Runtal vertical wall panels placed between every sliding glass door set, and at both ends, more than met the design day Btu/h criteria. Easily customizable, I ordered 7-foot tall vertical wall panels with top supply/return ports. This provided the space needed to run the distribution piping exposed because of these being outside walls and set up with reverse-return piping so that each wall panel would receive equal balanced flow without the need for any circuit setter valves. The hot water baseboard was removed, and the Honeywell T87 thermostat remained in its original location. They were delighted as full comfort was delivered. So much so that the Fosters had me return to address other areas of discomfort: Mrs. Foster got cold toes when standing at her kitchen sink — Runtal horizontal radiator placed in the toe-kick recess at the base of the cabinets resolved that issue. Their whirlpool tub had a 220-volt electric radiant heater easily touched while soaking in the tub — yikes! A Runtal custom multilayer horizontal towel warmer took its place. And the top floor guest bedroom had no heat where we installed multiple Runtal horizontal wall panels. Foster was a member of a bluegrass band and they would perform on a replica steam engine train in southern York County. We were onboard one day when his band came to our passenger car, recognized me, and announced to the packed audience how great the work was that we did and to be sure to call me if anyone ever wanted their work done to perfection!

7-foot tall vertical wall panelsThe 7-foot tall vertical wall panels with top supply/return ports were easily customizable.


Perhaps our greatest energy conservation achievement was St. Paul’s Church in neighboring Dallastown, Pennsylvania. A sprawling campus consisting of an old sanctuary (now a social hall), classrooms, offices and a new sanctuary. The heating system was powered by a 1.3-million Btu/h steam boiler, which was older than the new additions and there was a steam-to-hot-water tube-in-shell heat exchanger for the hot water hydronic systems serving the newer additions. The new Sanctuary had TTW (through-the-wall) air conditioning units with hydronic coils for heating. Lots of ex-infiltration of air to the point where they often ended up with splits in the hydronic coils during bitter cold weather. We removed the TTW units, sealed the exterior weather-tight while leaving the decorative ironwork in place, filled the cavity with high-density insulation, plastered the wall surface to match the existing wall, painted the patched areas to match existing paint, and had a woodwork specialty firm produce matching baseboard at the floor level. The individual 220-volt power feeds were reused for 10 2-ton Fujitsu floor console inverter heat pumps. The nominal ratings at minus 5° F were a match for the revised heat loss and were put to the test in their first week when outdoor ambient air temperature dropped to minus 5° F for several nights in a row. Naturally, I was anxious to find out how well the Fujitsu units were dealing with the bitter cold, and was pleasantly surprised to discover just five out of ten were running and Sanctuary temperature at 72° F.

heating systemPhoto courtesy of John Herr.


In the east and west Narthex areas, older cast iron radiators (that were all leaking between sections) were removed and Runtal vertical wall panels were installed to welcome incoming churchgoers in luxurious comfort. The challenge in both Narthex areas was the inability to run concealed thermostat wires and we were at the opposite end of the complex from the mechanical room. A simple and reliable solution was to install a Grundfos Alpha circulator set to AutoAdapt and keep it powered on. The Alpha idles along at a 5-watt power consumption until one — or more — of the thermostatic radiator valves opens. Sensing the change in pressure, the Alpha ramps up its speed as needed to meet the flow demand and automatically increases or decreases flow depending on how many of the thermostatic radiator valves are open or closed.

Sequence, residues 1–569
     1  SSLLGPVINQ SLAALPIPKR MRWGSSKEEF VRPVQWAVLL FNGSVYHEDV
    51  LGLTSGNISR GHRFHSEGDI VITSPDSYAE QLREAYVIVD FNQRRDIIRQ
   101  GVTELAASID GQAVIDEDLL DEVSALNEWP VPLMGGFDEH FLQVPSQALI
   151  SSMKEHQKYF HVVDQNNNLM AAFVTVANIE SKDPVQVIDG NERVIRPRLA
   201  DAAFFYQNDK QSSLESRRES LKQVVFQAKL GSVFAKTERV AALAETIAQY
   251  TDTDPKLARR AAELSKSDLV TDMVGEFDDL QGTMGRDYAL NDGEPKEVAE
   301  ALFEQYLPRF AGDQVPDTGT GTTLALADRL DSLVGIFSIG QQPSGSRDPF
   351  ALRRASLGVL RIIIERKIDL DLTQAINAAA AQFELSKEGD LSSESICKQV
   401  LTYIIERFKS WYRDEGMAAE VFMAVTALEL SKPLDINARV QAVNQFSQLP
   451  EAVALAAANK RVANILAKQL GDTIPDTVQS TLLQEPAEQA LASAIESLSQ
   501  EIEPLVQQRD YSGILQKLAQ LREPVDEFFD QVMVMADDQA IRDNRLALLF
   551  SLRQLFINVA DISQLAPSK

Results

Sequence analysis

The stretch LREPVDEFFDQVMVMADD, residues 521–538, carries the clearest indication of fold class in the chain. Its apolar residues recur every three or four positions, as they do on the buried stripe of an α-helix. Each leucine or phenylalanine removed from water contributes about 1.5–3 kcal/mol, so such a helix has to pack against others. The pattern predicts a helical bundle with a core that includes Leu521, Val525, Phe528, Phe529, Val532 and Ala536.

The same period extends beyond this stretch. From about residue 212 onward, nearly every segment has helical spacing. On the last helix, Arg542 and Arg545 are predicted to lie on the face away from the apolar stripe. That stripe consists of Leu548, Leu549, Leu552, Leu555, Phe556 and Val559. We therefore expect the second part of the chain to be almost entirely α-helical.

Buderus flat panel radiatorsPhoto courtesy of John Herr.


In the old Sanctuary, now Social Hall, we removed the old cast iron steam radiators — many of which were leaking — and installed Buderus flat panel radiators with thermostatic radiator valves to self-regulate heat outputs as needed and did the same for other areas where steam was converted to hot water.

Buderus flat panel radiators Dave Yates installs Buderus flat panel radiators with thermostatic radiator valves.


The local inspectors were a bit flummoxed by the systems, so we invested the time needed to educate them and assist with the mechanical and electrical inspections. In our area of Pennsylvania, we are permitted to perform the required electrical work to connect our mechanical systems. The twinned 399K-Btu/h modulating condensing boilers were mounted on the manufacturer’s custom hydronic rack, making for a very-nice looking finished installation.

A year later, the church informed us that both their electric and natural gas energy usage had been reduced by a bit more than 70%. The electric side was reduced because the Fujitsu inverter heat pumps located in the sanctuary, classrooms and offices use only the energy required to meet demand while varying their speed for all motors. The natural gas side reduction was the result of ditching the grossly oversized steam plant, inefficient steam-to-hot-water module, installing twinned modcons, an indirect water heater and lead/lag boiler control to ensure equal runtime for both boilers. If either boiler exceeds 30% capacity, the second boiler is staged on and both lower their speed to conserve the maximum energy possible.

Designing for ultra-low water temperatures is an absolute necessity for the growing air-to-water inverter heat pumps market that is expanding market share rapidly. Air handler hydronic coils can be oversized to allow lower LWT, ideally 120° F or less, while ensuring adequate contact time for the passing air to warm to “standard” heat pump air delivery temperatures of 105° F to 115° F.

Change is the only constant!